Friday, July 28, 2006

Eminent Domain: Taking On Water In Ohio

City of Norwood v. Horney, 2006 Ohio 3799 (Ohio July 26, 2006)

In a unanimous decision that shakes the foundations of the U.S. Supreme Court's infamous Kelo v. New London decision, the Ohio supreme court has ruled that using eminent domain to confiscate private property and transfer it to a developer simply because it confers an economic benefit to the community does not satisfy the 'public use' requirement of the Ohio Constitution.

Homeowners in the city of Norwood, Ohio lived in a neighborhood that had undergone substantial changes in the decades preceding this action. A private developer approached the city with a redevelopment plan and urged the city to use eminent domain to condemn and acquire the property of homeowners. The city recommended that the developer acquire the property on the open market, but the effort was not completely successful.

The city hired a consultant who determined the neighborhood was 'deteriorating' as that term is defined in the city code. The city then filed actions against the property owners for condemnation. A trial court upheld the city's action and the developer acquired the titles and began demolition.

In response to the Kelo decision and a ground swell of public opposition, Ohio enacted legislation which created an eminent domain task force to study the matter, and imposed a moratorium on takings of a nature such as the instant case.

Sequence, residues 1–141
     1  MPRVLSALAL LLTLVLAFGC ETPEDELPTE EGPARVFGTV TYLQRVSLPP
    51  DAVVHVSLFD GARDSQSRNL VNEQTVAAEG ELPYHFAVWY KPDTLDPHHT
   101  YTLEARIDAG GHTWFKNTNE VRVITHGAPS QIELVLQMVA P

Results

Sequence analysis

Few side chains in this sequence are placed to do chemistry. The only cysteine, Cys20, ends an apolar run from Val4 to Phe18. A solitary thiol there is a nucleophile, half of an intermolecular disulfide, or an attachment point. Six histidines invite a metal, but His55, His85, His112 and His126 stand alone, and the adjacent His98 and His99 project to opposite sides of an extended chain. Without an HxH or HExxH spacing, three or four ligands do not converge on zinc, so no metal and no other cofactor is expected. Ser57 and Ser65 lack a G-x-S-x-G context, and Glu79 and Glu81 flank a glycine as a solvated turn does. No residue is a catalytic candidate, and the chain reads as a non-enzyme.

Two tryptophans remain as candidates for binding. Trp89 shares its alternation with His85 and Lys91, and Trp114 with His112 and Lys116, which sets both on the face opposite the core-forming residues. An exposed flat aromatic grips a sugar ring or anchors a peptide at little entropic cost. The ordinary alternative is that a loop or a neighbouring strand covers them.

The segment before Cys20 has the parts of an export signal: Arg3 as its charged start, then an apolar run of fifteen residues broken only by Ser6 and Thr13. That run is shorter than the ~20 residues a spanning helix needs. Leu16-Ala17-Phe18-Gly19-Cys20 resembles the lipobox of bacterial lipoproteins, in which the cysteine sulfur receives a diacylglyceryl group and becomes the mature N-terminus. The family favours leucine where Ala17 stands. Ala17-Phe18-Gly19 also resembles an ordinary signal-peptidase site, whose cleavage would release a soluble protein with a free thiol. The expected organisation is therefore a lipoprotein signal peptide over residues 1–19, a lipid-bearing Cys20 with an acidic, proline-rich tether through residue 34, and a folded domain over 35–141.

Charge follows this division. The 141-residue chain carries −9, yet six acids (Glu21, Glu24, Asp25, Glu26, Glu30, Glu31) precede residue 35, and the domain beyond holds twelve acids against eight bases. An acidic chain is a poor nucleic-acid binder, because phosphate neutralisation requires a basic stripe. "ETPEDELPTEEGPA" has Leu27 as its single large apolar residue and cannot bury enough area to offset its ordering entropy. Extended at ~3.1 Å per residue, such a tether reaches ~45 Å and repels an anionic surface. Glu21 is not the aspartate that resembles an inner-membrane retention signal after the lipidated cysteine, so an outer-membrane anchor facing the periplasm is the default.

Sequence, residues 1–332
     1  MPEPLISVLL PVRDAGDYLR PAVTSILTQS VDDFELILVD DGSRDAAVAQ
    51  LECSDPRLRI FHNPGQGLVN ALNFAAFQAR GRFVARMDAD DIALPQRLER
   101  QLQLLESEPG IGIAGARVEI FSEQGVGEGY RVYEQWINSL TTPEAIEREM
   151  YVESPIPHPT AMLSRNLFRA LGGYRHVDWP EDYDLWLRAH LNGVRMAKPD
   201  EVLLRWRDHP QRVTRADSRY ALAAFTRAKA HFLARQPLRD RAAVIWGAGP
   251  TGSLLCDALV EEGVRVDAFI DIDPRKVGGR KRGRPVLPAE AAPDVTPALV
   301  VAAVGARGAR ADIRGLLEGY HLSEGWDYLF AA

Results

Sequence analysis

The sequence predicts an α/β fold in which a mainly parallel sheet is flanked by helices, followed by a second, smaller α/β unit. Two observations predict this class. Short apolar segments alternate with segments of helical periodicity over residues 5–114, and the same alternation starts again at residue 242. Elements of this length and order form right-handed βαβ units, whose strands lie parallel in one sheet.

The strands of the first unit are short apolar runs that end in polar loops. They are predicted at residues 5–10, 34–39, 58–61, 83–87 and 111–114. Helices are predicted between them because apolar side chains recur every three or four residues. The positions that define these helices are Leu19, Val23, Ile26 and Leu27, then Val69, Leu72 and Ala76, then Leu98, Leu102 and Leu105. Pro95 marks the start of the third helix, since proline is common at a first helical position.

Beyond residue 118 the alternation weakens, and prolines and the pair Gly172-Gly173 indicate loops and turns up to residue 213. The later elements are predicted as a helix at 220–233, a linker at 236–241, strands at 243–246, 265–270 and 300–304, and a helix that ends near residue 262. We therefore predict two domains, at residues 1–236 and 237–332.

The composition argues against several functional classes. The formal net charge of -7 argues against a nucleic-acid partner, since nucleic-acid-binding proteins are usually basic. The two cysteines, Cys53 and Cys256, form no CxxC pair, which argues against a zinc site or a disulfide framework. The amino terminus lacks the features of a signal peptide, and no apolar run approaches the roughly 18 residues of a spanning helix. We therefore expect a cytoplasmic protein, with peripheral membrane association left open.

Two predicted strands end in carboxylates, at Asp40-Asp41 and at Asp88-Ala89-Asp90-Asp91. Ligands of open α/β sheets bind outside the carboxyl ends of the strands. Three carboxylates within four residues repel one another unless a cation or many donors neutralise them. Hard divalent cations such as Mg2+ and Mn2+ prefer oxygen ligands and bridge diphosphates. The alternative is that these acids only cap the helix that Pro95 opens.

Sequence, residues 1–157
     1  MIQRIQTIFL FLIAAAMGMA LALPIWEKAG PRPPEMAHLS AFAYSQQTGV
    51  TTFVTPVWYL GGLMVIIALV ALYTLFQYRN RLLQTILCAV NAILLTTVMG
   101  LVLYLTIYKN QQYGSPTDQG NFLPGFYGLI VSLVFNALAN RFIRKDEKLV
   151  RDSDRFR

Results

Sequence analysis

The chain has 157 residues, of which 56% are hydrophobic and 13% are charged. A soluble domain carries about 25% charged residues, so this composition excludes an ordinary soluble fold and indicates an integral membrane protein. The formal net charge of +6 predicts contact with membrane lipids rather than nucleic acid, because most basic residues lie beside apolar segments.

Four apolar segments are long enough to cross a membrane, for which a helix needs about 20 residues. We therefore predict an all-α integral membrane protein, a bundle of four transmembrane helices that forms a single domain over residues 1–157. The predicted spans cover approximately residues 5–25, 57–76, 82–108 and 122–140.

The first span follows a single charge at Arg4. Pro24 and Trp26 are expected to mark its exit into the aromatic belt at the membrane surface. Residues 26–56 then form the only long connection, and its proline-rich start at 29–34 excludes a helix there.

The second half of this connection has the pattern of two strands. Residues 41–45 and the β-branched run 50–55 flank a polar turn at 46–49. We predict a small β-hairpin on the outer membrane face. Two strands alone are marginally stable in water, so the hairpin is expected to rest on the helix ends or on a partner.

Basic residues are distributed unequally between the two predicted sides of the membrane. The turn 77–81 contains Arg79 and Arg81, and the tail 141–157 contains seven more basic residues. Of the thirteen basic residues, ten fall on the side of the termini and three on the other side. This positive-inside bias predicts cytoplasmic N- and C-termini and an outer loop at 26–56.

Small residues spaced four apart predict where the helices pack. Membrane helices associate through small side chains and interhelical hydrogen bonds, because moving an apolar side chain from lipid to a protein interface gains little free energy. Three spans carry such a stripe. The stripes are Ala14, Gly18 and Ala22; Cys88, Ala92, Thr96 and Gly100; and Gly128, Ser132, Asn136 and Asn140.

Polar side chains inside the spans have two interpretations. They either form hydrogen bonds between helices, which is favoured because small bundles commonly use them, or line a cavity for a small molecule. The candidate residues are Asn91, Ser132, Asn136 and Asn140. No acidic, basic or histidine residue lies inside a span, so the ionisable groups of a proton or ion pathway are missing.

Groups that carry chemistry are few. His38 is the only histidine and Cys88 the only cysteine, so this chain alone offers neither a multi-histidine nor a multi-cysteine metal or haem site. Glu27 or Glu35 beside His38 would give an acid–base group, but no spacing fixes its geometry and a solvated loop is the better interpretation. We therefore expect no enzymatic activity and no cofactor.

The court ultimately found that the trial court erred in giving deference to the city's code's use of 'deteriorating area' as a standard because that term actually had no definition and did not provide the property owners with fair notice. Because Norwood could not justify the taking for public use on the 'deteriorating area' standard and because it could not justify a taking for economic benefit, the trial court and appeals court decisions affirming the taking were reversed.

Although we here at Law Down On The Farm admit of public necessity, we also think that the twin furies of the power of eminent domain coupled with a love affair with anyone who comes into town with a stack of blueprints and a good story has been too much for cities to refuse. It is, as the phrase has it, the very legerdemain.

It has also been more temptation than cash strapped governments could ordinarily resist. However, there comes a point at which the power of government to evict one property owner in favor of another with a larger bankroll must halt. This, it seems, is one of those times.

Let us hope that this decision is merely the first rumbling of a faraway storm that unseats and then discards this unhealthy rendition of the power of eminent domain.


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